For the beleaguered FDP, a tax break could be a windfall, giving the party a desperately needed boost in the polls. The party's former chief, Foreign Minister Guido Westerwelle, recently resigned as FDP chairman due to his lack of popularity and strife within the coalition, not in small part due to the obstinate manner in which he insisted on tax breaks. Critics have long accused his party of big-business, clientele politics . And under his leadership, the FDP fell to as low as 4 percent in the polls. Even now, around a month after his departure and replacement by Economics Minister Philipp Rösler, the party is hardly faring any better, hovering at between 4 and 5 percent.

While having a stable economy, for now, tax cuts are not the key priority for Germany. As a reminder, in 2012 Germany will still have to finance 10% of its GDP from external borrowing.

The SPD's budget pointman in parliament also warned against cuts. "We are experiencing an upswing, but we are still borrowing money, so we shouldn't be talking abut tax cuts," Carsten Schneider told the financial daily Handelsblatt. He also stated that Germany's new debt brake balanced budget law also requires that the government build up reserves during prosperous times in order to provide relief during crises.

Alas, when political concessions enter the financial and economic realm, the resulting decisions always end up being the worst possible ones. We are confident that with the increasing weakness of the CDU, the one thing sacrificed the most will be German economic prosperity to buy up the electorate's love to the detriment of long-term economic prospects: a natural push to a strong EUR in the longer run.

 

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Mon, 06/27/2011 - 07:22 | 1404930 Josephine29
Josephine29's picture

The problems in Europe just seem to keep on coming. I was reading an analysis earlier which spoke of the problems beginning to hit Spain and particularly Italy.

We have seen that so far no grip at all has been got on the Greek crisis for example which means that a widening of the problem to Spain and Italy would provoke a more serious international problem. Should Italian and Spanish government bond yields continue the rise that has seen the Italian ten-year maturity go above 5% this morning then we have a new stage of the crisis. We now know how it goes, Rising bond yields lead to austerity which leads to weakening economies  and repeat in what has become a vicious circle for those involved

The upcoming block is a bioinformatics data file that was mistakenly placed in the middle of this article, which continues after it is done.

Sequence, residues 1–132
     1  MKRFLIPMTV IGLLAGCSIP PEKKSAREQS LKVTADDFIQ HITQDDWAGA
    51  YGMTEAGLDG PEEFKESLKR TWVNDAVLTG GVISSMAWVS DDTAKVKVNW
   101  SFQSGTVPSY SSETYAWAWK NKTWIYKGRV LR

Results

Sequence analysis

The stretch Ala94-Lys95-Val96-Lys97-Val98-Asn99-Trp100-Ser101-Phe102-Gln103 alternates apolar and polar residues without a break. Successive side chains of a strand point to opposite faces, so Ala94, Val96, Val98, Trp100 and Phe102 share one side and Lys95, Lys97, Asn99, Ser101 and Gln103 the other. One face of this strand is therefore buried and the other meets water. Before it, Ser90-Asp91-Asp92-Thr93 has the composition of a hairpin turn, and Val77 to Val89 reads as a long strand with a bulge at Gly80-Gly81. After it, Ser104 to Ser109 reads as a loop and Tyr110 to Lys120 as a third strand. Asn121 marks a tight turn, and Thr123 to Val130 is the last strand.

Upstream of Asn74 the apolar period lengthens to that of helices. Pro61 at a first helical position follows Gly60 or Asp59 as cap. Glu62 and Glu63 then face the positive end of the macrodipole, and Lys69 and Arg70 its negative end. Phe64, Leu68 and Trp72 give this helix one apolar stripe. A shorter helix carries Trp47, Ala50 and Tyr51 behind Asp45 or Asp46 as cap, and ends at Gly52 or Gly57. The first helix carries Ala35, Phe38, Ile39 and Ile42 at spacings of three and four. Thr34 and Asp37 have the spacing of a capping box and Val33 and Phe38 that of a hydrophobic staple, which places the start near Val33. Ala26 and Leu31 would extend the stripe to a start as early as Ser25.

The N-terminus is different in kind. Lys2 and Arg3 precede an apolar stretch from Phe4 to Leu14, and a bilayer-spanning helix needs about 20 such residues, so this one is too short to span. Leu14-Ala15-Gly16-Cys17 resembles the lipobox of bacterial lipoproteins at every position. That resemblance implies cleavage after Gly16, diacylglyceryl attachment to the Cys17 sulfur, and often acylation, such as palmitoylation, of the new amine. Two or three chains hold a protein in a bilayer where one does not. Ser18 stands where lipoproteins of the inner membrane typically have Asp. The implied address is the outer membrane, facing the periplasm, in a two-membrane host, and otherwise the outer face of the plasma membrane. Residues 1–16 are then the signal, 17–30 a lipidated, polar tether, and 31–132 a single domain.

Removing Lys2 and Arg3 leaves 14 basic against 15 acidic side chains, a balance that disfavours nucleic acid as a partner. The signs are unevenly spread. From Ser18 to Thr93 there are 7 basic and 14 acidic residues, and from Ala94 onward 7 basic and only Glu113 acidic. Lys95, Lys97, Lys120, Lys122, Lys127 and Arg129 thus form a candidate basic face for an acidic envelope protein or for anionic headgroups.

http://t.co/kyYvJpj

 

Seeing as those in Europe cannot cope with Greece then Italy and Spain are way beyond their abilities...

Mon, 06/27/2011 - 07:51 | 1404965 TheFourthStooge-ing
TheFourthStooge-ing's picture

Ist das nicht ein Scheiss Gewehr?

Ja, das ist ein Scheiss Gewehr (aber nicht ein Schiess Gewehr).

 

Mon, 06/27/2011 - 07:25 | 1404932 GeneMarchbanks
GeneMarchbanks's picture

Euro exit mechanism to commence. At which point your new boss is: China. Step aside IMF, China is here to 'rescue'

What a horror show.

Mon, 06/27/2011 - 09:03 | 1405066 tiger7905
tiger7905's picture

Ben Davis believes Merkel backed down due to US pressure and the IEA 60 million barrels was a form of creative QE.

http://goldandsilverlinings.com/?p=1326

Mon, 06/27/2011 - 07:29 | 1404933 Tabarnaque
Tabarnaque's picture

The Bangsters were culprits in hiding the real Greek debt level just before they entered the Euro zone. GS and JPM actively participated in hiding part of the Greek debt through the use of derivatives. Then the Bangsters kept on lending more money for years at an extreme low cost to an already broke and highly corrupt country. These were years of irresponsible investment practice done by the banks. Therefore the Banks should get a haircut on the Greek debt. Not the tax payers (either German, French or Greek). I hope the Greeks default on their debt and let the TBTF Bangsters take a hit on the money that they first created out of thin air anyway. The hell with selling national Greek assets to feed the greedy bangsters. They created money out of thin air, lent it for years to a broke country and now they want nothing less than possessing Greek’s national assets on one side and get the German tax payers on the hook for the rest of whatever will be left unpaid.